Although they hold a special place in Eric Schaeffer's heart, they're not exactly loved by his, or anyone's, nose.
They're the game pants he wears while playing baseball for Philadelphia Academy Charter and, phew, do they reek!
With a big smile, Schaeffer said: "My big joke with the team is, 'If you don't want to smell my pants, don't come near me.' My mother says they're disgusting, but she understands."
Schaeffer calls his pants "dirty winners" and their streak is now at 11 games.
The latest triumph came yesterday in Fairmount Park as the Chargers scrambled past Julia Masterman, 11-6, in a second-round District 12 playoff designed to provide an opponent for Girard Academic Music Program (an established squad that competes in the Public League's top division) in the Class A final.
That contest will take place Monday at 7th and Packer, in South Philly. Over the weekend, don't expect Schaeffer's pants to get reacquainted with Tide.
Masterman and PAC are first-year Pub entrants. They met in the second Division D game of the season and the former triumphed, 11-3. Before this rematch, neither since had lost and Masterman, at 11-0, had become one of the very few teams in city history, in any sport, to go perfect in debut-season league play.
Schaeffer, a 5-8, 150-pound senior centerfielder, washed his pants after the setback. Game No. 3 produced a 12-1 win over Southern and, afraid of risking a streak of bad luck, Eric opted to become the diamond version of Joe Dirt.
"We're still going strong," he said. "I used to have the pants in my closet, but now I keep them in the laundry room. Had to get 'em away from close to where I sleep. They're covered in dirt."
Yes, we can smell that. Care to move downwind?
Schaeffer, a lefty swinger, bats leadoff. In this one, he went 3-for-4 with a walk, two-run single and three RBI.
He fired a ground single to open the sixth inning and the Chargers went on to post a four-spot, snapping a 6-6 tie. Taylor Vanderwoude (two-run) and Bobby Ropars (one-run) rapped singles to account for three of those runs; the fourth scored on an error.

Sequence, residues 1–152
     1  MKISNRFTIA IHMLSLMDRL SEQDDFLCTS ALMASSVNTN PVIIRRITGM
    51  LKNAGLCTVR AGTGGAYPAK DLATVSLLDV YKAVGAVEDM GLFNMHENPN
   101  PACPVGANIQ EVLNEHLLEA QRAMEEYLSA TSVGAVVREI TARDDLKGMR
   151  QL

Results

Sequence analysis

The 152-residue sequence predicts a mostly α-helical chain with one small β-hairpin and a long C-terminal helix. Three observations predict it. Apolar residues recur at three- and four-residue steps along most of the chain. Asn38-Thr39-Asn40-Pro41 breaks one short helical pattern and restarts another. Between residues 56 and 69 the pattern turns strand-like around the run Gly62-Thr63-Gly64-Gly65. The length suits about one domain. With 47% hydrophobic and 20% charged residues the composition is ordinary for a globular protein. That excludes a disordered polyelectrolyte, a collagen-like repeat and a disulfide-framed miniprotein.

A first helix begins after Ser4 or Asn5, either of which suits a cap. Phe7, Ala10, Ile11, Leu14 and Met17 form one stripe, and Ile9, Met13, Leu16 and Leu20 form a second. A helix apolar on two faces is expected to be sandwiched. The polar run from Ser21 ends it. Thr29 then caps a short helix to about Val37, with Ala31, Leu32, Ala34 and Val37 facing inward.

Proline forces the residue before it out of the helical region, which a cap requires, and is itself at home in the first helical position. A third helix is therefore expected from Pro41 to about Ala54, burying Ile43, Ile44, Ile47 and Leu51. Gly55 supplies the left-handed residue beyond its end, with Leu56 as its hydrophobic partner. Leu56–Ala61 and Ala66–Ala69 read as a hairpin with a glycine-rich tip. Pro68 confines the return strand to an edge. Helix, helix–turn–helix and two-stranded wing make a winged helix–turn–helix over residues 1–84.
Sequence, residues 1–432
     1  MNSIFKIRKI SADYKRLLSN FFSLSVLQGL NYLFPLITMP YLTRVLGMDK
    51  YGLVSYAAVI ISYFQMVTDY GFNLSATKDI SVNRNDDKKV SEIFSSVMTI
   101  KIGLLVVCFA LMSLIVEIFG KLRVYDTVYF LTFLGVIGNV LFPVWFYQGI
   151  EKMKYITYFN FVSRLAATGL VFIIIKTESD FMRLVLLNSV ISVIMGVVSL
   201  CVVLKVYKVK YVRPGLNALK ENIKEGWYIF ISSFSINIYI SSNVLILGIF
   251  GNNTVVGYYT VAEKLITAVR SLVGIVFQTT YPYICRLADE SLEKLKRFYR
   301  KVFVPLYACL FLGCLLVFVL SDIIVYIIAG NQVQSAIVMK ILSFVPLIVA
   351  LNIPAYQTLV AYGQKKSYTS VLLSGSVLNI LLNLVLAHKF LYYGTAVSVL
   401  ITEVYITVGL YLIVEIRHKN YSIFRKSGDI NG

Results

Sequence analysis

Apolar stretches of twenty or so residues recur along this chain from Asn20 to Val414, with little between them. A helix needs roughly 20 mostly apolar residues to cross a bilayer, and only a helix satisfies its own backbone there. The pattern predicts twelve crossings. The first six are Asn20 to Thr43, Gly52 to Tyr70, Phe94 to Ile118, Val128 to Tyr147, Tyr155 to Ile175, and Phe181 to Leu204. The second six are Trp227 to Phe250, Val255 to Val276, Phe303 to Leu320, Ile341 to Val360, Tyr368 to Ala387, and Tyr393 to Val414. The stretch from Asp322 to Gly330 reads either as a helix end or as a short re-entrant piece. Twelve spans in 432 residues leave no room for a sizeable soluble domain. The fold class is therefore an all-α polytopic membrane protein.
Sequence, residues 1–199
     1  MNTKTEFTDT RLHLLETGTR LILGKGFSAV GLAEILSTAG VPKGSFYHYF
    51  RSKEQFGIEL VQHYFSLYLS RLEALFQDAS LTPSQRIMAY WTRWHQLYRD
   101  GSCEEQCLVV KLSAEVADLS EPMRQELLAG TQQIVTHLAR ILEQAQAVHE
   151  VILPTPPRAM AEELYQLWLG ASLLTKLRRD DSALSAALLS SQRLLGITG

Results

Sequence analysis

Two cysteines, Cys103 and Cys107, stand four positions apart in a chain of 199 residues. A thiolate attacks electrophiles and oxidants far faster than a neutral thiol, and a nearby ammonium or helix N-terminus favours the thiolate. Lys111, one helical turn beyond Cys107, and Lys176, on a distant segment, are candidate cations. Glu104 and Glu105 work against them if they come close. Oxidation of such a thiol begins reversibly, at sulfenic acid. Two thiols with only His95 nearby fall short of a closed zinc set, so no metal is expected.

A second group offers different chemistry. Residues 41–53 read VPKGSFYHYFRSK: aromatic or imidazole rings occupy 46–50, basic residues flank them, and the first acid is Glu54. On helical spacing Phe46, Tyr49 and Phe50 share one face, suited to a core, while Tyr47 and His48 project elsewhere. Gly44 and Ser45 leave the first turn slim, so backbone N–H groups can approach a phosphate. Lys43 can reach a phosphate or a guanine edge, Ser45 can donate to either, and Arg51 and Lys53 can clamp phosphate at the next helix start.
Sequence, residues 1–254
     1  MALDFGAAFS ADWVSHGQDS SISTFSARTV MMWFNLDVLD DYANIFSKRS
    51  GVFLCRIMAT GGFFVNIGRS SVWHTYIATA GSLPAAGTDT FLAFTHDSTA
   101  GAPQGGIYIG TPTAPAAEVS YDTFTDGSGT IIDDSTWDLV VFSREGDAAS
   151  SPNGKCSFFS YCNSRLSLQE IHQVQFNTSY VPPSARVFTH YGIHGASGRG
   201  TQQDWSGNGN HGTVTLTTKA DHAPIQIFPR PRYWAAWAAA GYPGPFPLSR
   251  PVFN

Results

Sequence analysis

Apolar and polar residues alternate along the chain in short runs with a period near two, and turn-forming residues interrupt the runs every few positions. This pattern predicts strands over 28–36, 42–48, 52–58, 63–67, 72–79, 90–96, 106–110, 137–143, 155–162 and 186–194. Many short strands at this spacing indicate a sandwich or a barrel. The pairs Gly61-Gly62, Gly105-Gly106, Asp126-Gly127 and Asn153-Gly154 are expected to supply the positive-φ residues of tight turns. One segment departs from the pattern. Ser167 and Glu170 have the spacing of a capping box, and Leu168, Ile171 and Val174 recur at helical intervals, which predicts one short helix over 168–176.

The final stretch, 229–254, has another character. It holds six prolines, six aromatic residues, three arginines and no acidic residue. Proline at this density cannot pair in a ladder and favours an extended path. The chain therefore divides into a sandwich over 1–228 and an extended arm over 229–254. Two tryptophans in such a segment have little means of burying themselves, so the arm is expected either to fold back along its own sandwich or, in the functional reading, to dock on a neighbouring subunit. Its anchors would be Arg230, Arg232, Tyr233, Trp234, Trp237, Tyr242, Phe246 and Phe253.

"I get nervous up there," Schaeffer said. "As a leadoff hitter, I know you're supposed to work the pitcher, which I never do. I'm always ready to swing at the first pitch. If it's there, it's there.
"I might swing at some bad pitches, but I do try to get the ball on the ground and then start running."
PAC, coached by former Father Judge player Jack Smith, is in its fourth year of high-school existence and is about to graduate its first seniors. It's located at 11000 Roosevelt Blvd. in a way-up-there portion of the Northeast.
Schaeffer is from Mayfair, and he spent half of his freshman year at Northeast High before transferring. He still has vivid and quite unpleasant memories of that first baseball season.
"We were all ninth-graders, of course," he said. "We had [varsity] patchwork games against anyone who would play us. We'd lose by scores of like 31-1, in three innings. It's rough getting smoked every game.
"To go from that, losing pretty much every game, to this, winning every game but one, that's pretty cool. You always hope your senior season is going to be a good one. It's kind of amazing because we only have three in the lineup."
The others are leftfielder Justin Beattie (3-for-5, two-run double) and first baseman Matt Sanabor. Ropars, a junior, finished with three RBI while classmate Dave Pachuki, a junior lefty, toughed out an eight-hitter.
Evan Hunt and Bill Powers stroked two-run singles for Masterman while Adam "All My Children" Chandler and Chuck Feeley managed two hits apiece.
Schaeffer struggled as the season began.
"But I felt good coming back to this field," he said, "because this was where we beat Gratz and that day got me out of my slump. I've been going good since then."